MPA in Emergency Management
& Homeland Security
On-campus & Online Degree Overview
Regent's Master of Public Administration (MPA) program—the first public/nonprofit management program rooted in a Christian worldview—is designed for those called to managerial and leadership careers in public service. The MPA in Emergency Management & Homeland Security program prepares pre-service and experienced students for rewarding careers in one of the most important governmental management and policy arenas. Emergency management and homeland security specialists are essential stakeholders for enhancing the safety and security of our nation from the broad spectrum of natural and man-induced threats and hazards. The MPA in Emergency Management & Homeland Security provides students with the foundational and advanced competencies for success in leadership, management and analytical positions at the local, state or federal levels.
MPA in Emergency Management & Homeland Security Highlights:
Curriculum: View Course Sequence & Descriptions
Length: 36 credit hours. May be completed in as little as 24 months. Students may enter the program in the fall, spring, or summer semester.
Format: Offered entirely online, on-campus, or in a hybrid format.
Results: Master of Public Administration with a concentration in
Emergency Management & Homeland Security.
Important Links: Apply Now | Tuition & Financial Aid | Faculty | Thesis | Internship | Online Learning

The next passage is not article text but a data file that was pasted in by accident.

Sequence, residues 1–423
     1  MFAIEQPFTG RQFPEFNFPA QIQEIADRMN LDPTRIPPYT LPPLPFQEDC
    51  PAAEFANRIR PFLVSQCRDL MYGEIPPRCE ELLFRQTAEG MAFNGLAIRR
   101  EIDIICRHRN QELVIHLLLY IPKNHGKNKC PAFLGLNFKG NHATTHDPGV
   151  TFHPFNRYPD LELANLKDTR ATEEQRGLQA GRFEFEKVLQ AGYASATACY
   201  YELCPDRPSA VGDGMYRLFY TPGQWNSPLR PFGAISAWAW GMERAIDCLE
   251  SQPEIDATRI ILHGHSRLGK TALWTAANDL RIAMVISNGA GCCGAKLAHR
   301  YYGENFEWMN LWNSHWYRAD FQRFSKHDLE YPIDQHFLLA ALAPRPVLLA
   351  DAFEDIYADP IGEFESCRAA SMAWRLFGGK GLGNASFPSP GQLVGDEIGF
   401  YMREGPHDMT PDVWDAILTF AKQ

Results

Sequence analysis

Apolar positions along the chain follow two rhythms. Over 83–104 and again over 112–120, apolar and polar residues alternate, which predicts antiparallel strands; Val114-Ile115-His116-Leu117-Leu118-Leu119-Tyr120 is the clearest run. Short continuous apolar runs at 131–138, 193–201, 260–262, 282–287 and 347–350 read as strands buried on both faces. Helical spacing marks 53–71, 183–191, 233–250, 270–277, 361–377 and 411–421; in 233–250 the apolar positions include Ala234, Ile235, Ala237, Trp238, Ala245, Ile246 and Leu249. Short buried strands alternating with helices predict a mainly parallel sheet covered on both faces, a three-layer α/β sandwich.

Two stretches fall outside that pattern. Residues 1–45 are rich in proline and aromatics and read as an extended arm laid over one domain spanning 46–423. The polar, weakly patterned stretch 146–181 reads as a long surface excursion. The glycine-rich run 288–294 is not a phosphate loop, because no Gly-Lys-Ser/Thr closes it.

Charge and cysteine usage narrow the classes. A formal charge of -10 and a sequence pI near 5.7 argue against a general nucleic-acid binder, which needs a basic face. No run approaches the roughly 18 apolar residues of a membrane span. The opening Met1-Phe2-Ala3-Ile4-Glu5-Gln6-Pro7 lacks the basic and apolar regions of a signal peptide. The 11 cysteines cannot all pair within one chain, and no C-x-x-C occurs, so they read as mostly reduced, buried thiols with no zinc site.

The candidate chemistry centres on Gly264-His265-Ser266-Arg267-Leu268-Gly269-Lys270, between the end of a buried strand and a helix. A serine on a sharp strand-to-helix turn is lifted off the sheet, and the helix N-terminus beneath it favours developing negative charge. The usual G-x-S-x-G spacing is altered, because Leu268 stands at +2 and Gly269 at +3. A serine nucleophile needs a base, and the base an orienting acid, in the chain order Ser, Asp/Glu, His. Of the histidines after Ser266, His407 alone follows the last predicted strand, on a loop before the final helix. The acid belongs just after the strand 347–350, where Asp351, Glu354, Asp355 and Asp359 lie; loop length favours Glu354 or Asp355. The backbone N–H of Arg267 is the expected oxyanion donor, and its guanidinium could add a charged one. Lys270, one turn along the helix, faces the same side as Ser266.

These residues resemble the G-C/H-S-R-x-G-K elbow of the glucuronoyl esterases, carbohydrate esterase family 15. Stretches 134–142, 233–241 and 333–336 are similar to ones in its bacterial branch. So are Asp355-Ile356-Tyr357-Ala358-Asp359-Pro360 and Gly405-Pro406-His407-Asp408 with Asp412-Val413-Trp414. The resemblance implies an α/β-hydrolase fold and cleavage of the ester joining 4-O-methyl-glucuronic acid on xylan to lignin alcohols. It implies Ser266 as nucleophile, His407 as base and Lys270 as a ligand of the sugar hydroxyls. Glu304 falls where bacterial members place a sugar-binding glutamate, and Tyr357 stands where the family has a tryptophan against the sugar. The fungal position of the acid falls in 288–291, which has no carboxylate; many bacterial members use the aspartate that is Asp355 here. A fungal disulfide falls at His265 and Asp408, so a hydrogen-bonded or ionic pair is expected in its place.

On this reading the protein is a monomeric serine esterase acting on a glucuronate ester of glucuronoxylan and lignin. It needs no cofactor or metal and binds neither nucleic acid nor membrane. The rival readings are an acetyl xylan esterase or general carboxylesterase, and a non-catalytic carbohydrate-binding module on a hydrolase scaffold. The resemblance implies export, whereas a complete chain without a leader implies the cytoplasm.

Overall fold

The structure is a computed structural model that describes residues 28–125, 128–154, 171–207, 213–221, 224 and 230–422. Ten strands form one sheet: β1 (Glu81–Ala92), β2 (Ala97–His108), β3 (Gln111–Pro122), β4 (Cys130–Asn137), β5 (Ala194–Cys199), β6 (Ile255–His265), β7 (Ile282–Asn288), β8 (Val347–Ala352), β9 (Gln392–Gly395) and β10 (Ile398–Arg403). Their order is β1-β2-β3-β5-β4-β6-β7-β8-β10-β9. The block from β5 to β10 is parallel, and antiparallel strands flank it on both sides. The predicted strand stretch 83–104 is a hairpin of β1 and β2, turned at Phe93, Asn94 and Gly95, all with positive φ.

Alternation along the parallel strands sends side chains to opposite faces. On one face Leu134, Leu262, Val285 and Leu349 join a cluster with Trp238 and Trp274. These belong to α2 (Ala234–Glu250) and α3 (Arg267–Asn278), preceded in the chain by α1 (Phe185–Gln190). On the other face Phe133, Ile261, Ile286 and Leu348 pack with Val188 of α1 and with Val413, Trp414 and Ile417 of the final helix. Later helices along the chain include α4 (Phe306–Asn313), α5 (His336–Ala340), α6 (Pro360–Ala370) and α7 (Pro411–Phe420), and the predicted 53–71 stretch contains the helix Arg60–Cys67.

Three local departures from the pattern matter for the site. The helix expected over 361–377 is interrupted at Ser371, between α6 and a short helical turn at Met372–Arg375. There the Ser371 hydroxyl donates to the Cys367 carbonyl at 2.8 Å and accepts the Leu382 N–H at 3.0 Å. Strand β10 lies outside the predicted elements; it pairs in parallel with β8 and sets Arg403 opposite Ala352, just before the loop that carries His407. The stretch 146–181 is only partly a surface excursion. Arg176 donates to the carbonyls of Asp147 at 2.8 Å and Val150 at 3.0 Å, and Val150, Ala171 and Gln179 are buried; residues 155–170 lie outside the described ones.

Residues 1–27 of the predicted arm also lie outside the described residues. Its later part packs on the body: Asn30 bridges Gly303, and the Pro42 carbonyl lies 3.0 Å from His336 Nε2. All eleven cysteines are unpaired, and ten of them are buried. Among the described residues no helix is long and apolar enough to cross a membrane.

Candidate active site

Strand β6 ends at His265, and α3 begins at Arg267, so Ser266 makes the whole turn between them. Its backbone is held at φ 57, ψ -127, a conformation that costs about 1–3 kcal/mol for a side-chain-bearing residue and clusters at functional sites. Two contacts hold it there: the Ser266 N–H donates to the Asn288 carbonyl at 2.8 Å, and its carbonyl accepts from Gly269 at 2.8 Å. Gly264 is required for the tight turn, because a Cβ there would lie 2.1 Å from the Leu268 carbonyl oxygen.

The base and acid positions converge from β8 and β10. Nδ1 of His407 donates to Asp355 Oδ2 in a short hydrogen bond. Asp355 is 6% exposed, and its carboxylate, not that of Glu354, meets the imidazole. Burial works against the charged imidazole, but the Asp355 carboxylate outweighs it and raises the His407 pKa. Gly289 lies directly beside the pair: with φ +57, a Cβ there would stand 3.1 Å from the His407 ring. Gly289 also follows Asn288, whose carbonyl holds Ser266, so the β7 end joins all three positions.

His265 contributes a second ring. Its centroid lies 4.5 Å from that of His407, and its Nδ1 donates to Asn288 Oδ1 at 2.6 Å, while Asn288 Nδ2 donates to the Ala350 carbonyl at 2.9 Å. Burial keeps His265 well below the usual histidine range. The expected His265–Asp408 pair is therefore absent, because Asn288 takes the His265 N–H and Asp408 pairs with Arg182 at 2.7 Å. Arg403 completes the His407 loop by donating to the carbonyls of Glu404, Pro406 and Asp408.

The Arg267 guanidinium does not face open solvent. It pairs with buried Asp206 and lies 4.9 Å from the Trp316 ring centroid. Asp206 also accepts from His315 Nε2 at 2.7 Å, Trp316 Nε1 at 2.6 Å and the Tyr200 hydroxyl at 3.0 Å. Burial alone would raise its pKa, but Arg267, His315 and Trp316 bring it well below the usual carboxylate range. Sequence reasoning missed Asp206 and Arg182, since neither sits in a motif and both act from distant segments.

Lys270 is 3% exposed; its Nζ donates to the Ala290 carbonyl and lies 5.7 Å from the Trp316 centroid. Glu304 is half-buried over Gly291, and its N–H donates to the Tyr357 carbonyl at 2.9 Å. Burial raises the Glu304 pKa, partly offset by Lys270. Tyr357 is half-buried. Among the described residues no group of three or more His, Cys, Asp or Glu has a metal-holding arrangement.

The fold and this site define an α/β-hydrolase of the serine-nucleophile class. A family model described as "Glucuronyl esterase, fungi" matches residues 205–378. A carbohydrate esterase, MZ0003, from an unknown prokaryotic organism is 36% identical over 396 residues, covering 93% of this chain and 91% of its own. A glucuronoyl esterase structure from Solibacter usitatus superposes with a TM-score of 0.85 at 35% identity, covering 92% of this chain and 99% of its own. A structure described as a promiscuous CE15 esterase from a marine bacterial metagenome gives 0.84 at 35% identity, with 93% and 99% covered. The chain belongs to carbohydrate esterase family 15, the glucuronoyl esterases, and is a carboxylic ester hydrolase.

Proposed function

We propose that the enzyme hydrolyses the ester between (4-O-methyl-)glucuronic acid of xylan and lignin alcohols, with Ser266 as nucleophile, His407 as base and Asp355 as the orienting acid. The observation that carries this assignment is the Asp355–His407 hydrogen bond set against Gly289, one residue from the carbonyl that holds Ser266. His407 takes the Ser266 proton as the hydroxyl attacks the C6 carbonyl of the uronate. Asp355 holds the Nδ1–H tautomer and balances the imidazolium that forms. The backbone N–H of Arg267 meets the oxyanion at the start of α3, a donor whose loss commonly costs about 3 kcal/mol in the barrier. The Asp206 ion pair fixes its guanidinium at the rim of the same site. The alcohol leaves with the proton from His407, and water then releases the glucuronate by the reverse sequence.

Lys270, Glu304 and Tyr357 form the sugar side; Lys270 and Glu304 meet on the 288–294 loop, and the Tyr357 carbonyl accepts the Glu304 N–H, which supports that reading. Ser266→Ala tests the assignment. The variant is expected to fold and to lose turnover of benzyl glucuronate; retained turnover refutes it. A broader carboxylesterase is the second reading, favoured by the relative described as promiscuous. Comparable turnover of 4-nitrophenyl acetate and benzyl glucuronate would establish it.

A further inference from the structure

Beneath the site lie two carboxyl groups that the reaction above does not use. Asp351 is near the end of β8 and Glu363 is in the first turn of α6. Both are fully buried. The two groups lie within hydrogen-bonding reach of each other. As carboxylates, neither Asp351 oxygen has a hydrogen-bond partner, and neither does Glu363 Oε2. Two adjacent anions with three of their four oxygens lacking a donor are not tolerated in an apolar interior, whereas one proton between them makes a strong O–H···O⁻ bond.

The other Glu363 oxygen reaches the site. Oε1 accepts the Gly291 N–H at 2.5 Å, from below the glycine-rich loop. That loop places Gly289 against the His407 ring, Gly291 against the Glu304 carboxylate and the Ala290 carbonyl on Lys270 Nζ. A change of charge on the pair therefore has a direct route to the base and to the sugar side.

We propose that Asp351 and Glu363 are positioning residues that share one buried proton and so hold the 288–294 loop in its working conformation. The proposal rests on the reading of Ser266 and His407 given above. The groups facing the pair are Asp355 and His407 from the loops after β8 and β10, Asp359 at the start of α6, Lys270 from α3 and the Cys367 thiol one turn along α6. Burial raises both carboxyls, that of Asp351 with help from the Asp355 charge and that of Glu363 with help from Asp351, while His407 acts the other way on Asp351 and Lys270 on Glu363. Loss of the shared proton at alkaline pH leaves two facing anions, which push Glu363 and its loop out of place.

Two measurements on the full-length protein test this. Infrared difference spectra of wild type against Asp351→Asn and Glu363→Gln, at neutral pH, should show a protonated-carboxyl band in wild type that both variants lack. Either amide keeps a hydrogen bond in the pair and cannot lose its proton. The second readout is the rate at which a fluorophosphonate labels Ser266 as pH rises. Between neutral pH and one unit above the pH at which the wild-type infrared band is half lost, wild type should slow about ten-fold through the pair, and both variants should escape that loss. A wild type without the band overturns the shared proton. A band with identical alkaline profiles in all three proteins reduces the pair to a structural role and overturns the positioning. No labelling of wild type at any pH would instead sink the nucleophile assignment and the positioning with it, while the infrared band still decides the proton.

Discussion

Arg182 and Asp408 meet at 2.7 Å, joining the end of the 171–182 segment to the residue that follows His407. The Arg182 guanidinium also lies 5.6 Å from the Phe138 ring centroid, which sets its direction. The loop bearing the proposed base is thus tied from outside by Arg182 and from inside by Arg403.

Features: Courses blend theory and practice—often "adopting" agencies to give students hands-on experience in assisting and advancing public service. Students seek internship opportunities to match their career path as well as to give meaningful help to public service entities.
The MPA in Emergency Management & Homeland Security program prepares students for positions like intelligence analyst (FBI, CIA, DEA, NCIS, etc.), emergency management supervisor, or federal agent.
MPA in Emergency Management & Homeland Security graduates will be able to:
- Study the impact of Judeo-Christian values in U.S. political history, structures of the U.S. Government and the influential thinkers who guided the U.S. experiment.
- Study the components of a Christian worldview, and compare these components to the philosophical underpinnings of competing worldviews.
- Explore the Constitution and other dynamics of the political history of the U.S., including the leadership provided by the presidency and Congress.
- Explore the inner workings of political campaigns and elections and engage in practical experiences in the political domain.
- Explore contemporary and classical economic theory and the interplay of government and markets in developed and less developed nations.
- Analyze, from a theoretical and practical viewpoint, local, state and national legislative processes and the role of the Executive Branch at these levels in implementing policies and laws.
- Examine key policies germane to national security and terrorism issues.
- Study global politics, and specifically the history, politics, and religions in the Middle East.
- Develop and enhance key analytical and critical reasoning skills, tools and techniques in governmental and nonprofit leadership, policy and management.
- Cultivate servant leadership principles in a broad range of governmental settings.